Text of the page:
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Specialist sickle cell and thalassaemia centre to open at Homerton Hospital

PUBLISHED: 07:43 16 October 2012

GV of Homerton University Hospital, of Homerton Row.

GV of Homerton University Hospital, of Homerton Row.

Archant

A new day care centre for sickle cell and thalassaemia patients will be opened at Homerton Hospital this Thursday.

The unit will be based in the Bryning Unit at the hospital in Homerton Row.

Sickle cell disease is an inherited disorder of the red blood cells which predominately affects people of African and Caribbean heritage, while thalassaemia is the name given to a group of inherited blood disorders affecting the body’s ability to create red blood cells.

Homerton manages over 300 local people with the condition and also provides advice and support for those who aren’t themselves affected but ‘carry’ the condition, and could pass it on to their children.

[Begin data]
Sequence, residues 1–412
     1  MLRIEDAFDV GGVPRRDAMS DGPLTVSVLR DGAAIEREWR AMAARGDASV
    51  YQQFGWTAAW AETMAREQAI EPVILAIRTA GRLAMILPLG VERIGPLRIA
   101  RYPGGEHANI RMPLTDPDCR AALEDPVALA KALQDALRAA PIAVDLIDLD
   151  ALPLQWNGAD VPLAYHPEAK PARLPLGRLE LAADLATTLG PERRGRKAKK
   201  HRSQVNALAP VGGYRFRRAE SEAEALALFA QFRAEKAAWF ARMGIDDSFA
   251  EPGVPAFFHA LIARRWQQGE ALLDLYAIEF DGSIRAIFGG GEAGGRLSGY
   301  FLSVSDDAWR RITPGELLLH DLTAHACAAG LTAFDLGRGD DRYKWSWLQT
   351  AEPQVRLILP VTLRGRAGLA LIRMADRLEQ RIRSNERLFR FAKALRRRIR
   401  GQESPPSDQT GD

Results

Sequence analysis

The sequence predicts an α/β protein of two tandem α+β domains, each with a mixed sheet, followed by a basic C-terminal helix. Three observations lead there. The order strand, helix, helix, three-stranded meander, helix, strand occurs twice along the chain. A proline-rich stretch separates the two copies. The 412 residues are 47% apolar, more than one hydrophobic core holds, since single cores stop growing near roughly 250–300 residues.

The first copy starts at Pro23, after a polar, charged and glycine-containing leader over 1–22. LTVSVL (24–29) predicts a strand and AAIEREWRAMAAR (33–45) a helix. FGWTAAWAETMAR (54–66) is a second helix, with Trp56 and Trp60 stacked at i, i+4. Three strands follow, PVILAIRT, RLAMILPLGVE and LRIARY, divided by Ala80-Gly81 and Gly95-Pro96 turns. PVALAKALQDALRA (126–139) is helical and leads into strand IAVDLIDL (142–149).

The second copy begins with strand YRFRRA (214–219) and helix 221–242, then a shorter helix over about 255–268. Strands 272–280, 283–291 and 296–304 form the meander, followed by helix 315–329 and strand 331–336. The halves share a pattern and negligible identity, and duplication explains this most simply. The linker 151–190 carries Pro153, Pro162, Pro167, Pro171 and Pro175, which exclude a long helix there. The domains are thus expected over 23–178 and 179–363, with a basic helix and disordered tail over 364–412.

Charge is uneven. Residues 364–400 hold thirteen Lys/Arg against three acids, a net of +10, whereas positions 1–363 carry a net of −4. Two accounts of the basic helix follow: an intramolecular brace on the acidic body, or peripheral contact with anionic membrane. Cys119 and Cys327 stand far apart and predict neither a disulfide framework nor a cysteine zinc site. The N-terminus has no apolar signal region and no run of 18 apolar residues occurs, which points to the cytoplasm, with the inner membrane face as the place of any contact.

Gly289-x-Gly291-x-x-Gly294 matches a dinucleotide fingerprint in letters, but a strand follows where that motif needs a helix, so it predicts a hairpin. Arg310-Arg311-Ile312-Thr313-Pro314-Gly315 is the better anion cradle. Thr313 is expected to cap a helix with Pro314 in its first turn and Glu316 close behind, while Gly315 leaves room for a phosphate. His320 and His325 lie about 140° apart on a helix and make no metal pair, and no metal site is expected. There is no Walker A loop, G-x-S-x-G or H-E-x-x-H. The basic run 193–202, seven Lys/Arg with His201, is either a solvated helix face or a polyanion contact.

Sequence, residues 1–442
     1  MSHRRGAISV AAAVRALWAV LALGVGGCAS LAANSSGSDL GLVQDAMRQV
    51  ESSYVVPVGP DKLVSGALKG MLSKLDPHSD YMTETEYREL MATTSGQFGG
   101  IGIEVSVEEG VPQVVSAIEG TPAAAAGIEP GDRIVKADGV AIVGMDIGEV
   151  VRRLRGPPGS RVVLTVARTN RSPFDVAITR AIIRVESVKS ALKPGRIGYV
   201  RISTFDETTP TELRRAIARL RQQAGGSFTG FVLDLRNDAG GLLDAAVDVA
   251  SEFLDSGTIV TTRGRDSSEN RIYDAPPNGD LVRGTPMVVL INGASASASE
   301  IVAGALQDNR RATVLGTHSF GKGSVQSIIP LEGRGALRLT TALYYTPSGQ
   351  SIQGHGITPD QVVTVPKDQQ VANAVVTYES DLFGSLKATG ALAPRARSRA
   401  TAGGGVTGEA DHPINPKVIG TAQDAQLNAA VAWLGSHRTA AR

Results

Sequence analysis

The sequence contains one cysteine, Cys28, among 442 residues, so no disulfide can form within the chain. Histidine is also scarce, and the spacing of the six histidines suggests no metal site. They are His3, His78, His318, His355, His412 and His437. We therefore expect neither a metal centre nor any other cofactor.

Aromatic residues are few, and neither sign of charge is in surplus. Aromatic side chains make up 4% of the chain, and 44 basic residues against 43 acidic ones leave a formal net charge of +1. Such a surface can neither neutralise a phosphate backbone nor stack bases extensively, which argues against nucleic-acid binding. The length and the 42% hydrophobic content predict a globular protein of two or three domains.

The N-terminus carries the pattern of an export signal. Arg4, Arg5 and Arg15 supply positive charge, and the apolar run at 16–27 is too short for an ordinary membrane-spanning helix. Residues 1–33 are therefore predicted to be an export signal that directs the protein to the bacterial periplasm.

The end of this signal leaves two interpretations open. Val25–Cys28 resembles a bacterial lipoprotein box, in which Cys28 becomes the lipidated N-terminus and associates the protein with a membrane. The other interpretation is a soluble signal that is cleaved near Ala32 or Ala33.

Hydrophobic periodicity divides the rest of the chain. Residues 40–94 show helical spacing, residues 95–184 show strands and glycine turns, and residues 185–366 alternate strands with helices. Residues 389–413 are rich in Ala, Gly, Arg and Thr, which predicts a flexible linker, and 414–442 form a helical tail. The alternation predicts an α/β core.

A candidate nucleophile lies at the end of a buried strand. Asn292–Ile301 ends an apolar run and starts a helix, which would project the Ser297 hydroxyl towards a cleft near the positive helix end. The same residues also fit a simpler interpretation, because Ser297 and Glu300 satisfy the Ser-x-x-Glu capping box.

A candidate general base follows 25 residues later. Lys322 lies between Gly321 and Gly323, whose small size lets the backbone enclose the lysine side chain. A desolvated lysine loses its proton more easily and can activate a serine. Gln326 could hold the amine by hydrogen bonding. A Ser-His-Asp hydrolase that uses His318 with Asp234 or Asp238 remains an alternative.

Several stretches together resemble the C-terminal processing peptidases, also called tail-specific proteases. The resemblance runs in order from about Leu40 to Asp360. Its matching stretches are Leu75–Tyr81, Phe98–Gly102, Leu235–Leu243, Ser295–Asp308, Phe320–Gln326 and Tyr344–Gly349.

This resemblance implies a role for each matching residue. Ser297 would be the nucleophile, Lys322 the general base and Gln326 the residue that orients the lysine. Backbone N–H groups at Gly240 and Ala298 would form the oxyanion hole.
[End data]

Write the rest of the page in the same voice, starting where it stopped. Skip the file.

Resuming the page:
The new expanded day care facility offers immediate access to expert doctors and nurses, together with all the other innovations which have been put in place over the past 12 months.

“These include a psychology and social care liaison service, together with equipment to deliver efficient automated red cell exchange blood transfusions which, I believe, will make a global impact on our patients’ quality of life,” said consultant haematologist Dr Roger Amos.

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